MEAA: COVID-19, govt indifference to Arts killing sector

ABS report finds Arts is haemorrhaging during pandemic, but too many workers remain ineligible for assistance.

Job losses in the arts and recreation sector were down by 27.0% in March / April, an Australian Bureau of Statistics report has found.

But the Media, Entertainment & Arts Alliance believes that figure is now much higher, as
creative and performance sectors struggle to make ends meet in the absence of JobKeeper eligibility.

Between March 14 and April 18 the industries which lost the most jobs were accommodation and food services (-33.4%) and arts and recreation services (-27.0%). This was against an overall loss of 7.5% of jobs across all sectors.

Wages for employees in arts and recreation also decreased by 17.43% over the same five-week period.

“How much more information does the federal government need to act to give freelance employees (those who work regularly but with multiple employers) access to critical income support?” asked MEAA chief executive Paul Murphy.

“It is clear that the Minister for the Arts statement in early April that JobKeeper would ‘keep the spotlights shining in the arts sector’ was an evidence-free statement of hope rather than fact. The money isn’t there and our sector is being crushed by the twin forces of COVID-19 and government indifference.

“These dual strains are having a heavy impact on the welfare of workers in the cultural sector. It would be no surprise to find the cultural sector is over-represented in respondents who reported increasing feelings of stress, anxiety and hopelessness.”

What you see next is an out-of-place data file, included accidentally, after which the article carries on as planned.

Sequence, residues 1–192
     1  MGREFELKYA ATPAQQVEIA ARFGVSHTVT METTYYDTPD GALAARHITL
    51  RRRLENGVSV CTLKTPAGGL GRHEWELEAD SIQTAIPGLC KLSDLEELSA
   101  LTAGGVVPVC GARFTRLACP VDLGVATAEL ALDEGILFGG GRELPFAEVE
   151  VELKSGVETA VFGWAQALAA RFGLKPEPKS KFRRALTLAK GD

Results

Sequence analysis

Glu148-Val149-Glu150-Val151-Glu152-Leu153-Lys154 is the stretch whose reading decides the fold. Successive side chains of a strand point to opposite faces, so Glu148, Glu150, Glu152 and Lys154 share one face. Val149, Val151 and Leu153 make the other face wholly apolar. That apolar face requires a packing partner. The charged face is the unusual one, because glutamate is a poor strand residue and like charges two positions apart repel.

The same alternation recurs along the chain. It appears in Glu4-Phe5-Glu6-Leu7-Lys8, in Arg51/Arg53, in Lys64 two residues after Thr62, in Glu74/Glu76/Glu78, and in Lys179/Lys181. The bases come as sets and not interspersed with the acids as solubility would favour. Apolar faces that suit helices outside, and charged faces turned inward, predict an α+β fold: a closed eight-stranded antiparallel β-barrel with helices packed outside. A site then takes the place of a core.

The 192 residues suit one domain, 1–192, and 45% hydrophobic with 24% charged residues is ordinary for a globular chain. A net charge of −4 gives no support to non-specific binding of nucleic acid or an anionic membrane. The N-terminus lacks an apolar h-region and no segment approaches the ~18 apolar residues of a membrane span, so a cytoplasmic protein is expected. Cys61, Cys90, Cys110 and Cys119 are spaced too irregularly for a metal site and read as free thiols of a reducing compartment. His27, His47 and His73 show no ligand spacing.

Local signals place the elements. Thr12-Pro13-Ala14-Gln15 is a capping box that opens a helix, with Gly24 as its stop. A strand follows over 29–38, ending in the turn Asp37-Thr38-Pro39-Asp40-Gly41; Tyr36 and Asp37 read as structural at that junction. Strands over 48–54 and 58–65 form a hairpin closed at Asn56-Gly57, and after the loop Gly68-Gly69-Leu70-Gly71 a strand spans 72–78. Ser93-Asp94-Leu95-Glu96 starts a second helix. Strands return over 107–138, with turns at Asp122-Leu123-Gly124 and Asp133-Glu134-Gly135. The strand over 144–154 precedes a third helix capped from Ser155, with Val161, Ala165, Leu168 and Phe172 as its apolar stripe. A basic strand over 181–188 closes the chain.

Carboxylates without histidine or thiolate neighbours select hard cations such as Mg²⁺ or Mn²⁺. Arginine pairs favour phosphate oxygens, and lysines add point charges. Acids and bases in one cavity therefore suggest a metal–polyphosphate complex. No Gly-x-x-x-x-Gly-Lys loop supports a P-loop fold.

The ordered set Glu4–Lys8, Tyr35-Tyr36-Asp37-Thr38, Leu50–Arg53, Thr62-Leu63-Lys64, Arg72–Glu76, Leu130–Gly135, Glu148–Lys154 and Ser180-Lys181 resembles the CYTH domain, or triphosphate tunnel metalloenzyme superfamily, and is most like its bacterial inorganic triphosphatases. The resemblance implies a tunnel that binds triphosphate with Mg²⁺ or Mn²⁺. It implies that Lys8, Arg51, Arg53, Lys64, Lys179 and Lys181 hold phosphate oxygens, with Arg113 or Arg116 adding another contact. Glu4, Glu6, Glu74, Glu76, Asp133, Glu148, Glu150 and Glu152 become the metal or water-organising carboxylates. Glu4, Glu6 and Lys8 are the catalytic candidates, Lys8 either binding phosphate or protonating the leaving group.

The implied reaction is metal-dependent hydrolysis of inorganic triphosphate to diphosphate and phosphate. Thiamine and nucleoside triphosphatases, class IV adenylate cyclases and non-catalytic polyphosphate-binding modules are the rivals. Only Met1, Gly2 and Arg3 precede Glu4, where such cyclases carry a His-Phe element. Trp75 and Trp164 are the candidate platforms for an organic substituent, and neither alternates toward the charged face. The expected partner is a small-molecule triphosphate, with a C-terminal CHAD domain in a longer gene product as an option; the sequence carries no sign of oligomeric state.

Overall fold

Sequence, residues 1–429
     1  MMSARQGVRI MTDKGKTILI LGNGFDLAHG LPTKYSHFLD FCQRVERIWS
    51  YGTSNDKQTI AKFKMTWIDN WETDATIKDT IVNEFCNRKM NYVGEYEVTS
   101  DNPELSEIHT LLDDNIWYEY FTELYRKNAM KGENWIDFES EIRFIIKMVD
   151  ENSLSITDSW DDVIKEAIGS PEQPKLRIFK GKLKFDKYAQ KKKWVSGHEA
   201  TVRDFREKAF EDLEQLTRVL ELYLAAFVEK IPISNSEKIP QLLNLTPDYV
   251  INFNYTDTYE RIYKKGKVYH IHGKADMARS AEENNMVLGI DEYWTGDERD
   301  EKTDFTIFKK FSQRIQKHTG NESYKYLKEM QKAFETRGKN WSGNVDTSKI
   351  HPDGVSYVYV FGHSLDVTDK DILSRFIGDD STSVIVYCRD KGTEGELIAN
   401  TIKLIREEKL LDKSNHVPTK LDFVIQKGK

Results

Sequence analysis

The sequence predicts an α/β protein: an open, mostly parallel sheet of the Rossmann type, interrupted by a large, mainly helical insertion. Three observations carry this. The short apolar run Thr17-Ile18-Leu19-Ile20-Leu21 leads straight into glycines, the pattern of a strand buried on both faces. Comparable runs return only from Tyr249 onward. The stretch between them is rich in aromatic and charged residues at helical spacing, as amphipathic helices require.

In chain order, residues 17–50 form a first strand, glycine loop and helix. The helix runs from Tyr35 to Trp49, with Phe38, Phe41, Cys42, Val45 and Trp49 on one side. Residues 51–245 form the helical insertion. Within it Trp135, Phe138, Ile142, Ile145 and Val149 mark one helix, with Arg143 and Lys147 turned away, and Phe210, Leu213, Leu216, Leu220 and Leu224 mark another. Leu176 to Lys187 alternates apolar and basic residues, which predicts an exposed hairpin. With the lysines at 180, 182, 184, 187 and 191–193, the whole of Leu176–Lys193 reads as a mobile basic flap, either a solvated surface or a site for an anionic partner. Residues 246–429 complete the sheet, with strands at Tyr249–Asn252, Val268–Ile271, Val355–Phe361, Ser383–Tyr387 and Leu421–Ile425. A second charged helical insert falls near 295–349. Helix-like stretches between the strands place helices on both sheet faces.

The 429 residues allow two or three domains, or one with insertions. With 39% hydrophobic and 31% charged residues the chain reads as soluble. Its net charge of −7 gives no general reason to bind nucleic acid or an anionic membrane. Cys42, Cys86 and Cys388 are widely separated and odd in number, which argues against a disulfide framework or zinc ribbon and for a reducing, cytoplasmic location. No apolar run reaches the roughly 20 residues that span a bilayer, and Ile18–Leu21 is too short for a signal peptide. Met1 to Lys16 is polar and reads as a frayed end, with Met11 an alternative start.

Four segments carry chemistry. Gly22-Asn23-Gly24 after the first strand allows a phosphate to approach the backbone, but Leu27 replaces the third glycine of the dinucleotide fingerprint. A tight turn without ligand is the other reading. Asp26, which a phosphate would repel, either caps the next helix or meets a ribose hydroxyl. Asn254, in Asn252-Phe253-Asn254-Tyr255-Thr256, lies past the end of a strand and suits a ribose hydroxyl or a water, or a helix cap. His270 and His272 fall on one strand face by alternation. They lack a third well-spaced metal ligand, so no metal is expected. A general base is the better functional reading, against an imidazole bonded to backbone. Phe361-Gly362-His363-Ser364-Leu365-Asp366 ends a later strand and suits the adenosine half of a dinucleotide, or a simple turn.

A recent survey of more than 1000 MEAA members found 68.3% currently had no work because of COVID-19 restrictions, and 60.9% had no significant income.

Almost one-in-five (18.8%) were unable to access any government income support, while 16.2% were ineligible for JobKeeper but would receive JobSeeker. Another 41% were still waiting to find out about eligibility.

“To prevent regular employees from access to JobKeeper because of Treasury rules and dismissive attitudes towards the cultural sector will reap an awful human toll. The statistics now bear this out,” Murphy said.

“JobKeeper rules must be amended. The Treasurer can do it at the stroke of a pen. Without this action, the nation’s cultural sector will struggle to emerge from what is looking like a winter of massive discontent.”

2 Responses

  1. I work in the arts and have lost my job (for now anyway) due to covid-19. And the company I work for is not eligible for jobkeeper due to being an agency of the government, despite losing just under $2 million in venue hire alone so far.

  2. An issue with arts is striking balance between creative freedom & monetisation/profit for best possible optimal output. There was more creative incentive in the days of physical singles & albums, for example. Music, TV programs & movie streaming resulted in less income & incentive for creativity & more pressure for monetisation & commercialisation. There’s less soul within & appreciation of these media nowadays. MTV’s main channel even ditched music videos altogether for mostly reality drama shows.

    I think public funding for the arts industry can possibly be affected by political culture within the arts community & views of economics, merit & value of arts from bureaucracy or officials. Again, it could come to striking a workable balance.

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